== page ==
Close Menu

Scammers increasingly target previous victims of wine fraud

Victims of wine investment scams are increasingly being targeted again by fraudsters, who have obtain their personal information and then offer to resell their wine, the UK’s Action Fraud service has warned.

Action Fraud, a reporting service run by the City of London Police working alongside the National Fraud Intelligence Bureau (NFIB), has stated that it has seen an increase in reports of this nature over the past six months.

Between 1 June 2018 and 31 December 2018 there were 22 reports of this crime made to the service, with victims losing a total £97,914.

Victims, who are both male and female and aged between 46 and 86 years old, send around £2,000 on average to a third party account via a bank transfer, paid in various instalments to accounts in different names over a period of one to four months.

Former victims of wine fraud, who were tricked by scammers between four and six years ago, are now being targeted again by individuals claiming that they can resell their wines in return for an insurance or shipping fee.

The fraudsters appear “reliable and legitimate” owing the the fact they’ve obtained the personal details, including the name, address and bank account of their victims, as well as having information about the wine company they previously invested in.

Action Fraud state that fraudsters are obtaining information about liquidated wine companies and their directors from forums and from online information released to the press.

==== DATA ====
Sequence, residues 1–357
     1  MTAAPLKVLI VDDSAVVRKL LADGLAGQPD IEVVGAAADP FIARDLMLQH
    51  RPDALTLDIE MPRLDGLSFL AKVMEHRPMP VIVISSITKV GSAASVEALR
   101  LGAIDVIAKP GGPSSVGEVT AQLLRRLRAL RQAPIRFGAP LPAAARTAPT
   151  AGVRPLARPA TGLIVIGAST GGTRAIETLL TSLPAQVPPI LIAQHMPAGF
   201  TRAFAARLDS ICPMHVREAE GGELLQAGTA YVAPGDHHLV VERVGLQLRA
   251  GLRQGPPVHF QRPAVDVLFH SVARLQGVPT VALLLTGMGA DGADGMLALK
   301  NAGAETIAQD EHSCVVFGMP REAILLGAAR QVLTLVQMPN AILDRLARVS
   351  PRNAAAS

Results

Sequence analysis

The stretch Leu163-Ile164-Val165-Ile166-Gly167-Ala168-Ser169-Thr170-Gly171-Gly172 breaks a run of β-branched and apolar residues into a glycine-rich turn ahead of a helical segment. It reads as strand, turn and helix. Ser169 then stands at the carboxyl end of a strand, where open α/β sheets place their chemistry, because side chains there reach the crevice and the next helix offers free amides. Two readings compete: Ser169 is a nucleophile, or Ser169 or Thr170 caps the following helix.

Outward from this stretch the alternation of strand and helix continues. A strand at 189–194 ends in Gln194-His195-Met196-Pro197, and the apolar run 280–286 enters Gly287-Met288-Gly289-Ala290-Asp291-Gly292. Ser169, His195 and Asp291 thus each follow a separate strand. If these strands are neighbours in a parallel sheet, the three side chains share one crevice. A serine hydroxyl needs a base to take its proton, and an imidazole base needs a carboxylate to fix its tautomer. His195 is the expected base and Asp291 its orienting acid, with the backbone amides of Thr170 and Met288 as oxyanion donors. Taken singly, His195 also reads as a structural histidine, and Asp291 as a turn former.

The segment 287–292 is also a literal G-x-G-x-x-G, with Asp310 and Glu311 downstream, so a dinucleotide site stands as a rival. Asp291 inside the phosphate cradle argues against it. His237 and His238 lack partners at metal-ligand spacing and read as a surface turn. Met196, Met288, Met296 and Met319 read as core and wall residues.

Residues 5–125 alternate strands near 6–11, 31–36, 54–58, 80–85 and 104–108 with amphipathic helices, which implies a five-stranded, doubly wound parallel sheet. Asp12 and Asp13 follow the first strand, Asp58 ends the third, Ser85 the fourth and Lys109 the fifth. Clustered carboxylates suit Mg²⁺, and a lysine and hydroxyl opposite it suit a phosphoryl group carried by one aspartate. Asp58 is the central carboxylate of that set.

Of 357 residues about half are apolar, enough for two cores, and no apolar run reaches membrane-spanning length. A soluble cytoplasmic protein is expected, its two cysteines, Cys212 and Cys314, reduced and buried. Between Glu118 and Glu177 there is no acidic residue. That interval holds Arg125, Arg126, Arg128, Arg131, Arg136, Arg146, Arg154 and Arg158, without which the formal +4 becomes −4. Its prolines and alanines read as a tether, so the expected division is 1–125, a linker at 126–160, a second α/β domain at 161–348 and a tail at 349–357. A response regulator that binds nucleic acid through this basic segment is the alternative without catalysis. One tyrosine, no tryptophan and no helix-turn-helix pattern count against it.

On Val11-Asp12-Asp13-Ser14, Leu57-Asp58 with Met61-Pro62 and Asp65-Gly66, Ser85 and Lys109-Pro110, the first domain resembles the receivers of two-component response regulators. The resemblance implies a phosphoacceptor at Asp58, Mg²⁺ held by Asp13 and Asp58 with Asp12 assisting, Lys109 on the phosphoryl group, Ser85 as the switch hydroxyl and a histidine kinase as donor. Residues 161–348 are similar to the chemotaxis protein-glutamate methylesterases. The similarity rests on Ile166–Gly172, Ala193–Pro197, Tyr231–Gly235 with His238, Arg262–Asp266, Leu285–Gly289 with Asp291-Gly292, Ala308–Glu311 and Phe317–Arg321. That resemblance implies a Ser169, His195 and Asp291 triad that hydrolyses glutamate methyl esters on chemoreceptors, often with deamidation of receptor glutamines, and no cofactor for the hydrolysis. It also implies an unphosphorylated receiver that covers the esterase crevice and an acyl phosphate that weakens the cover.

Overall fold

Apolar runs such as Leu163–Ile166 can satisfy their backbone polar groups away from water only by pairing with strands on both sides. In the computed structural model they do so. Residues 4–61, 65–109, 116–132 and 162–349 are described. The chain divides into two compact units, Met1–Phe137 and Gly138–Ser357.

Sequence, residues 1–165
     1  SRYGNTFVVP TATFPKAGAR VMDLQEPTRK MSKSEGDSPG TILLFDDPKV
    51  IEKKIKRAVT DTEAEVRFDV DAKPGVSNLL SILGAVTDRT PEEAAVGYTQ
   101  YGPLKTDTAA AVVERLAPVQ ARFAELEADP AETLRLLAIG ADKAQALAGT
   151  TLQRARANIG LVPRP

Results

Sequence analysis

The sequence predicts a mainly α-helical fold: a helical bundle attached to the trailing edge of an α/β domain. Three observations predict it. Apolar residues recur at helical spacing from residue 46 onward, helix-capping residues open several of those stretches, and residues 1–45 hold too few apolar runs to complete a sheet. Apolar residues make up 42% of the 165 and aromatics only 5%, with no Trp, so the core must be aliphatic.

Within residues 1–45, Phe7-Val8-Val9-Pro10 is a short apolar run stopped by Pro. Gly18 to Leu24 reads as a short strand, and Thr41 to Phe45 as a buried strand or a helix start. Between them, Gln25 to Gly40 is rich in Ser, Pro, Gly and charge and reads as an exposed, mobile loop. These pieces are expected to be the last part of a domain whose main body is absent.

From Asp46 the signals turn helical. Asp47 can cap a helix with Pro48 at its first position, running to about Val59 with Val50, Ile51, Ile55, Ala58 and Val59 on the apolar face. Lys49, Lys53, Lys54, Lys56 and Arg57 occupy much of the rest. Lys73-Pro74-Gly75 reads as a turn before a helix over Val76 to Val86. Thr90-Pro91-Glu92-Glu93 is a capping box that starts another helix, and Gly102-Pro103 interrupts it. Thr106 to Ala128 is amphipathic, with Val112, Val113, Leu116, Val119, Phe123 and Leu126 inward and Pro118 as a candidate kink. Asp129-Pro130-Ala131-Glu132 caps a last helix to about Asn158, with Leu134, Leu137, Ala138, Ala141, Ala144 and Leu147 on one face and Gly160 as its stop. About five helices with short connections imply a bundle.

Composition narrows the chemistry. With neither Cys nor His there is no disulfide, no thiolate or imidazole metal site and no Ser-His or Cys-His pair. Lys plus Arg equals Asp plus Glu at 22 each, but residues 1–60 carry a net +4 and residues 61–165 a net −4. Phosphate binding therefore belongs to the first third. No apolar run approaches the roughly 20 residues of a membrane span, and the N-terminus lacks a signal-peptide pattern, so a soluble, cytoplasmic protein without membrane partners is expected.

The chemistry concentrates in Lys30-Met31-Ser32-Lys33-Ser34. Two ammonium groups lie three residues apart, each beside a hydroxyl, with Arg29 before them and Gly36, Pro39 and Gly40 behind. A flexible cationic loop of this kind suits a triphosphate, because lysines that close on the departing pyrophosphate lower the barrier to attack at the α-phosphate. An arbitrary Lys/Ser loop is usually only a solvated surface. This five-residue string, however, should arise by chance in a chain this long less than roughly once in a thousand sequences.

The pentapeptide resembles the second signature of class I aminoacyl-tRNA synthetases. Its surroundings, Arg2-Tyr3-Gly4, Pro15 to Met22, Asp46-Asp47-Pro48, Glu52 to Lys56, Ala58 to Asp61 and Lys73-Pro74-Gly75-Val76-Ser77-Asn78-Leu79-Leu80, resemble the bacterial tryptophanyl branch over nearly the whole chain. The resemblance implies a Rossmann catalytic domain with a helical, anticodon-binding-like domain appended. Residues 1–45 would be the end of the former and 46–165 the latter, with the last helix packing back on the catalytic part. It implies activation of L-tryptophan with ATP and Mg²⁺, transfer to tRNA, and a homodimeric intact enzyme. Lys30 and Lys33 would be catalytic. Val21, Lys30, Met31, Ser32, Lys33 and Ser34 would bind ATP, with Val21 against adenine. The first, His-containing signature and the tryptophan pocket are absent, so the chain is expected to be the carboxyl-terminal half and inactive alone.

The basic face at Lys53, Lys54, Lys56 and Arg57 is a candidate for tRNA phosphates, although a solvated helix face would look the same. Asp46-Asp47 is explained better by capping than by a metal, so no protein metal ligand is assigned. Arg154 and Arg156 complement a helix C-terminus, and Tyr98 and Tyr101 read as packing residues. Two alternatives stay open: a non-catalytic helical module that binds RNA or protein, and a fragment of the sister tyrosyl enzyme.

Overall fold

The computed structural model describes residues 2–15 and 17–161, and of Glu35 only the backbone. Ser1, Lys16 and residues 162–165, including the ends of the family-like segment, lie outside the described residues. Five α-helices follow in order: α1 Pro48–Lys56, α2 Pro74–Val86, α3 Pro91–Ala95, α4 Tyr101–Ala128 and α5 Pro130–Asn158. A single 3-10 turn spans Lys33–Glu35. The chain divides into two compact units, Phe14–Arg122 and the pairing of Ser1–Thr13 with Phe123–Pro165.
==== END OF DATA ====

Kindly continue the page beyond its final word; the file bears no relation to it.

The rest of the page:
None of those targeted have managed to recover their initial payment, while some have lost more money after paying an ‘advance recovery fee’. This type of fraud is known as ‘recovery fraud’.

Commenting on the situation, director of Action Fraud, Pauline Smith, said: “The fact that fraudsters are taking advantage of previous victims of fraud is despicable.

“If you’re contacted by an individual who knows a lot about the money you lost, but they want a fee first, it is vital that you stop all correspondence immediately.

“If you think you have been a victim of fraud, report it to us and your bank immediately.”

The police have been cracking down on phoney wine investment companies in recent years. Last November, the High Court shut down Intercontinental Wines, a UK-based company that had misled customers into investing in fine wines.

During a hearing it was relayed how the company used “high pressure cold calling” to push members of the public to buy wine for investment.

Victims of Intercontinental Wines are advised to be vigilant against recovery fraud.

In order to further protect yourself against fraud, Action Fraud has the following list of guidelines.

    • Never reveal any personal or financial details as a result of an unsolicited call, email or text. Even if someone knows your basic details (such as your name and contact details), it doesn’t mean they are genuine.
    • Don’t immediately agree to any offer that involves an advance payment or having to sign a contract on the spot. Always speak with a friend or family member first.
    • Always check the credentials of any financial company on the Financial Conduct Authority’s (FCA) website: – they should be on the register. Contact the preferred company directly and reject any offers made through unsolicited communications.

If you suspect that you have been a victim wine investment fraud, you can report it to Action Fraud by calling 0300 123 2040, or by using the online reporting tool.

It looks like you're in Asia, would you like to be redirected to the Drinks Business Asia edition?

Yes, take me to the Asia edition No